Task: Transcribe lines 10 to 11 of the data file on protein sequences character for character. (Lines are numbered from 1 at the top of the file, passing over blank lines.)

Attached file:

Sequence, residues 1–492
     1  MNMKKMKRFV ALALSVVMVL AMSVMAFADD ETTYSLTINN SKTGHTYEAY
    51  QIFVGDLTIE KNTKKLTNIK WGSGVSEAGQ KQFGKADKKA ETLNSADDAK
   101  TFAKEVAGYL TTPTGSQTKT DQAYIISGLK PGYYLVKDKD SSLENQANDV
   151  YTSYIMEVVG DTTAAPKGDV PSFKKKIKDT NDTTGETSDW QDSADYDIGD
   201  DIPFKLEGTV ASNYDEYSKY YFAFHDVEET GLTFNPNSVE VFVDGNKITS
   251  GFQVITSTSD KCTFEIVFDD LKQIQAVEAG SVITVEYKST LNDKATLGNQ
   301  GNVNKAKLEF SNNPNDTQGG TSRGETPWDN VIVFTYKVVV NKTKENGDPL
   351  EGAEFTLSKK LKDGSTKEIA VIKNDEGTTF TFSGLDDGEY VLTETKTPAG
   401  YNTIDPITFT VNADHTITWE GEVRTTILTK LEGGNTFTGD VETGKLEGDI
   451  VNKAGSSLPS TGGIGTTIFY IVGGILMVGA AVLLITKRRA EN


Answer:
   401  YNTIDPITFT VNADHTITWE GEVRTTILTK LEGGNTFTGD VETGKLEGDI
   451  VNKAGSSLPS TGGIGTTIFY IVGGILMVGA AVLLITKRRA EN